Box-joint jig by WoodhavenA jig for big box joints
Box joints, also known as finger joints, are often cut using a tablesaw or router, and are modest in size, with fingers between 1⁄8 in. and 3⁄4 in. wide (the limits of a dado blade). They were originally used in cigar boxes, which had “locked” corners, but have become a popular joint for many small boxes, as they offer great strength and are attractive.
Larger finger joints are also a key element in Arts and Crafts furniture. Woodhaven’s 4556 portable box-joint jig is designed to cut these larger joints. The jig clamps to the end of a board. It’s designed to be used with a handheld router, but I also used it at the router table and it worked very well.
The real test of a box-joint jig is wide stock, where the jig must be moved to cut the joint across the board’s full width. While cutting the 11-in.-wide sides of the tool chest shown here, the jig maintained accuracy.
The jig, which requires a Porter-Cable-style guide bushing mounted in the router table, comes with setup blocks that work quite well for establishing the proper spacing of joints. Using a 1⁄2-in. spiral cutter in the router, you can easily make fingers ranging in width from about 5⁄8 in. to about 1-1⁄2 in. After you’ve dialed in the fit of the joint, you can go to town with the Woodhaven jig, joining corner after corner with a perfect fit.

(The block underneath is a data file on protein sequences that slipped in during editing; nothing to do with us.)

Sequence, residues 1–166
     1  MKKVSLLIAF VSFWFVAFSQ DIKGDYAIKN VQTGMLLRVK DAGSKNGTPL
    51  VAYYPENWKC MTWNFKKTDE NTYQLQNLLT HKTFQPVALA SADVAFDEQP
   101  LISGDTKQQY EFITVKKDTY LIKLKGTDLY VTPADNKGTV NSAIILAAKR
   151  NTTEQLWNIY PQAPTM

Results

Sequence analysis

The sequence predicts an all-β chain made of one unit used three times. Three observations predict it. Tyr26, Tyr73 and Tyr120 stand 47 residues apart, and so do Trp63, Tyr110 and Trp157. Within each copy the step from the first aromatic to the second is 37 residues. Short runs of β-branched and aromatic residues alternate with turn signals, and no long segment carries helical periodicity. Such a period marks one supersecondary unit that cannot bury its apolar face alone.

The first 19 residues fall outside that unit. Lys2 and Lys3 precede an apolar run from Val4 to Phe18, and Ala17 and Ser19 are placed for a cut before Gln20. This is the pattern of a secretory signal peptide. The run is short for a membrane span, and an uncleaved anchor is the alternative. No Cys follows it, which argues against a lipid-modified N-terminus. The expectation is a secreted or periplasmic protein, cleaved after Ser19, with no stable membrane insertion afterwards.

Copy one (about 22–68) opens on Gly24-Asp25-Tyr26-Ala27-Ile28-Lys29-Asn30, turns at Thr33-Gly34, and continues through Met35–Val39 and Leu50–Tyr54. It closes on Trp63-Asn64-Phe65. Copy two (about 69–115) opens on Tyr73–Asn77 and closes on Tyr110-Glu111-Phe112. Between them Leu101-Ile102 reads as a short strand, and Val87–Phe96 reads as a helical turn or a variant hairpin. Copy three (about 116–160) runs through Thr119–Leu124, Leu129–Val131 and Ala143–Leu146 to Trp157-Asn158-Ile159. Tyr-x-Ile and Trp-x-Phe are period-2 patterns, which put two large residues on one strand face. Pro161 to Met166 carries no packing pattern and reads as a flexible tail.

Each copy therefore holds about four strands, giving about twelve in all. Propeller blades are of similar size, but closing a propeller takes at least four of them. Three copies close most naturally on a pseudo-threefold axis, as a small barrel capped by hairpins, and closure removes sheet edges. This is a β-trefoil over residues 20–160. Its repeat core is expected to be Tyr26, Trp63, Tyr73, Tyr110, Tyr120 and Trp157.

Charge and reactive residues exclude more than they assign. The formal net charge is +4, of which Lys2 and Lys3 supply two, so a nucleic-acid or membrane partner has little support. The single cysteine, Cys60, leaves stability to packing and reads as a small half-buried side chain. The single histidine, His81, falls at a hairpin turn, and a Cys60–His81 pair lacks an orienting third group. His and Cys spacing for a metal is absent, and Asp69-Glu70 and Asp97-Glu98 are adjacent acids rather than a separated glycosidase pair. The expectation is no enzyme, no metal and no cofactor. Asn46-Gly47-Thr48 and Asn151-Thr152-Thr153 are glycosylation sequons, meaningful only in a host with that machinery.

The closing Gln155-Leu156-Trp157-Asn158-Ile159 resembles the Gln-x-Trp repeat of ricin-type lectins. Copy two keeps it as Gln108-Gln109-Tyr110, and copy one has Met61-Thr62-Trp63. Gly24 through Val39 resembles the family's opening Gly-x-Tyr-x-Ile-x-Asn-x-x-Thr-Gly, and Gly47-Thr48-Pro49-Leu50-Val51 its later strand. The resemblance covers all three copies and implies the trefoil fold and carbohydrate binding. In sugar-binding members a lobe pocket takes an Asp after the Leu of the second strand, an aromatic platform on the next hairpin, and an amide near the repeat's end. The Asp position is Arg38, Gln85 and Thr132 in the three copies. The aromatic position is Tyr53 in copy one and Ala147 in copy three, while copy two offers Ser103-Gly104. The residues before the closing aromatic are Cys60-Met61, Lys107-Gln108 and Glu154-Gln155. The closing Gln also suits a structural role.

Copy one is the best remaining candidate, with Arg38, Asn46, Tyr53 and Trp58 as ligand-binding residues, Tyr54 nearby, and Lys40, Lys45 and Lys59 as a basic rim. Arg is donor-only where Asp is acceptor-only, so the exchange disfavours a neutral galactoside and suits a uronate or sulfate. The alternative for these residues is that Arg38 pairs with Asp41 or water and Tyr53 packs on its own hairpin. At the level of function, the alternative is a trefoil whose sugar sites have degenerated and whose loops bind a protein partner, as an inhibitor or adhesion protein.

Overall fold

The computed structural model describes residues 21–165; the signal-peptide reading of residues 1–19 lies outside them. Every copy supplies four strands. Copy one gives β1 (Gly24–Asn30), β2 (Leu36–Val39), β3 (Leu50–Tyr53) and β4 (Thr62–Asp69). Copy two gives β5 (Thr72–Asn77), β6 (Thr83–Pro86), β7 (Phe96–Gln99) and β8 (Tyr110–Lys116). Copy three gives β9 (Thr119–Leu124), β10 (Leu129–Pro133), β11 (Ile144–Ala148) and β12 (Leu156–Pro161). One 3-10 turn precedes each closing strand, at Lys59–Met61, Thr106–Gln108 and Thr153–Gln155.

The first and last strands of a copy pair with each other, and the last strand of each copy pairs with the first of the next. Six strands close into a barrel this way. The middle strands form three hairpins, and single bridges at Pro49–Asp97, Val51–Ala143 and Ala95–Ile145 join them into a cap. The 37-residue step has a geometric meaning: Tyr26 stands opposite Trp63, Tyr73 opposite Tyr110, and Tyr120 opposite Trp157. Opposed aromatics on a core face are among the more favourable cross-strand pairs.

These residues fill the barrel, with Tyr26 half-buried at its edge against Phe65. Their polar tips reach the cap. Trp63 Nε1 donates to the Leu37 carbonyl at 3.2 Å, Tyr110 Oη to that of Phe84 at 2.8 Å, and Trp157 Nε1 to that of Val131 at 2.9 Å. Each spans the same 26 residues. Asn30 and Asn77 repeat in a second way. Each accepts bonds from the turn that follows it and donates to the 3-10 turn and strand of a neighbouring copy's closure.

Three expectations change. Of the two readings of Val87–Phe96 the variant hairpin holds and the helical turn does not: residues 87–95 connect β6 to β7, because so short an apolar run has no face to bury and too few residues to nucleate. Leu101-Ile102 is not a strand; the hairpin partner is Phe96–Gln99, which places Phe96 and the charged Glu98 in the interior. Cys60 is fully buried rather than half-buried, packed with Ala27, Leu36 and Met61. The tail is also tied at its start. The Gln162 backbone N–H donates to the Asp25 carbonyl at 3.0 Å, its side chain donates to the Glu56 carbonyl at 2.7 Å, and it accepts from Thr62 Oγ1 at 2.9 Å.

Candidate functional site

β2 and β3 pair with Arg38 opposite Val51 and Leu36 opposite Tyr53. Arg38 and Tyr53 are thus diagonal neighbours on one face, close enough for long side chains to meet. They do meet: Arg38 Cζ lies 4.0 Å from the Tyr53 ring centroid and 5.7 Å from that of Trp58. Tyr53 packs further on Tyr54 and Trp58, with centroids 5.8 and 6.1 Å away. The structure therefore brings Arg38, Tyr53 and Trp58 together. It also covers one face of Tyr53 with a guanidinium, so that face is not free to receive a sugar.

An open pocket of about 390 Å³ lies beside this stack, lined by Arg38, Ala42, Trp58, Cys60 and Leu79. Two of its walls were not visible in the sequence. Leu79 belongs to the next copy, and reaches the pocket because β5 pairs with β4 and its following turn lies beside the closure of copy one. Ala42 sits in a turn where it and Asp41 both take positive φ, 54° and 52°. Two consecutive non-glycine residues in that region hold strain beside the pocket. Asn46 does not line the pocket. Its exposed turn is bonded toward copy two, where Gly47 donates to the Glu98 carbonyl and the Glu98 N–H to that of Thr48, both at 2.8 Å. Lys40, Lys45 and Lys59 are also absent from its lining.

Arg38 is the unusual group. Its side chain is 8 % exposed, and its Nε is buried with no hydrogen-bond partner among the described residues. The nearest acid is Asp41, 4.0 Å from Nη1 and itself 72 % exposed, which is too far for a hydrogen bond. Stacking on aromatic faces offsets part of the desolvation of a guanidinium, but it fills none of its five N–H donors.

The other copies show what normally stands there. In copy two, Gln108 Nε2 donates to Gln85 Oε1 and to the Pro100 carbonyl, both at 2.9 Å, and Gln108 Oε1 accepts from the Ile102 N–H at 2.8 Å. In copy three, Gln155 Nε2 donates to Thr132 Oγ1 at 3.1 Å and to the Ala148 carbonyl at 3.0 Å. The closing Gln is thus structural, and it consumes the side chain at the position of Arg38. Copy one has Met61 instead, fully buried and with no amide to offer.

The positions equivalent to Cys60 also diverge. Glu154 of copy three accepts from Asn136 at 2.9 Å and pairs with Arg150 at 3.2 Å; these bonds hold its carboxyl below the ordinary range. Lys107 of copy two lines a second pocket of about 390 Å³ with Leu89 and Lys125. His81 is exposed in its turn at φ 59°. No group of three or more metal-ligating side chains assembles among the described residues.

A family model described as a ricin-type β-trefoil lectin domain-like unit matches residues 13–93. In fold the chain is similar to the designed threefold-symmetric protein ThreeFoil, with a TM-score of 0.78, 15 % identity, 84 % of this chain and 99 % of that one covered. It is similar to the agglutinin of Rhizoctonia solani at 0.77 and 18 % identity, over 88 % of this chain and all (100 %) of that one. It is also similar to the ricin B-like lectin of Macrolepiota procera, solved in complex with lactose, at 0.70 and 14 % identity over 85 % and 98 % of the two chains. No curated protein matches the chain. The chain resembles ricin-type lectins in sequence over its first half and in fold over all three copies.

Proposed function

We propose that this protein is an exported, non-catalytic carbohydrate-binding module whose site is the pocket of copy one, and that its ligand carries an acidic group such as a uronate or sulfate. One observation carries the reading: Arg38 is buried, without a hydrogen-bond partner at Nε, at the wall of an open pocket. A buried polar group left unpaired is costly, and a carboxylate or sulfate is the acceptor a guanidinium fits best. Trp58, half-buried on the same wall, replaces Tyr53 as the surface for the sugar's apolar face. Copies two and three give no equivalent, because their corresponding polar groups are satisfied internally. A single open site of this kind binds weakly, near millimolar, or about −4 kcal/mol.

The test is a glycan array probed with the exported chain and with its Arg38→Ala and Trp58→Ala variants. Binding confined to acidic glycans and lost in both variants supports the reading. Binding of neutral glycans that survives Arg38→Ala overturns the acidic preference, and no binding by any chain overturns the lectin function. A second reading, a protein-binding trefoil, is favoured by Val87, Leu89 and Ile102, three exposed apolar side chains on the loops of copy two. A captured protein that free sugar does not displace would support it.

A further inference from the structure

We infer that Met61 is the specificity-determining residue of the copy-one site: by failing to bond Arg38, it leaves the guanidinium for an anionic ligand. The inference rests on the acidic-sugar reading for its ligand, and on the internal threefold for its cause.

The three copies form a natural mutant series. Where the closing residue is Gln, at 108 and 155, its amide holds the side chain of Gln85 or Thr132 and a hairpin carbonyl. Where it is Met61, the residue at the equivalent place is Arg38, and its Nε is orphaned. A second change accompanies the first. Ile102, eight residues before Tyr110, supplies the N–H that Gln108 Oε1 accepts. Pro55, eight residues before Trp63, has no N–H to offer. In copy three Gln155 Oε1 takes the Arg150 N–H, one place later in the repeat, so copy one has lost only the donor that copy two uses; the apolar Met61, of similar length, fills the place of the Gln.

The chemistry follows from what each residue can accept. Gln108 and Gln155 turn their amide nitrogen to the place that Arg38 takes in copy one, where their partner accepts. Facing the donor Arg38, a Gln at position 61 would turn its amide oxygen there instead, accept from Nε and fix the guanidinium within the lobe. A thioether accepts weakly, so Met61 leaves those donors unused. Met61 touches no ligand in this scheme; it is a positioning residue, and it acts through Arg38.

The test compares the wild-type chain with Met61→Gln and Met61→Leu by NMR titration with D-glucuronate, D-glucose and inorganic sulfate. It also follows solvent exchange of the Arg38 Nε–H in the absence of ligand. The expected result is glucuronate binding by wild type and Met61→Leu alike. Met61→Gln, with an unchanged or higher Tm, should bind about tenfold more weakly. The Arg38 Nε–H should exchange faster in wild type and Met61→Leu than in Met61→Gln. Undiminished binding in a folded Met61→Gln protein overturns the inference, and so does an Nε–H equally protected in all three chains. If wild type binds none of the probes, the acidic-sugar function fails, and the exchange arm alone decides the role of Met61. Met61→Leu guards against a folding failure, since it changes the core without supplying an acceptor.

—Doug Stowe is a well-known box maker in Eureka Springs, Ark.
No-measure setup. The jig includes setup blocks that align the template guides and the adjustable stops used to index the workpiece as you cut successive notches.
Guided rout. A guide bushing in the router follows the jig’s black template guides, ensuring that all of the notches are identical and accurately sized.
Accuracy assured. A stop on the jig’s face adjusts to match the size of the notches being cut. The jig is moved along the workpiece a notch at a time, cutting fingers the right size.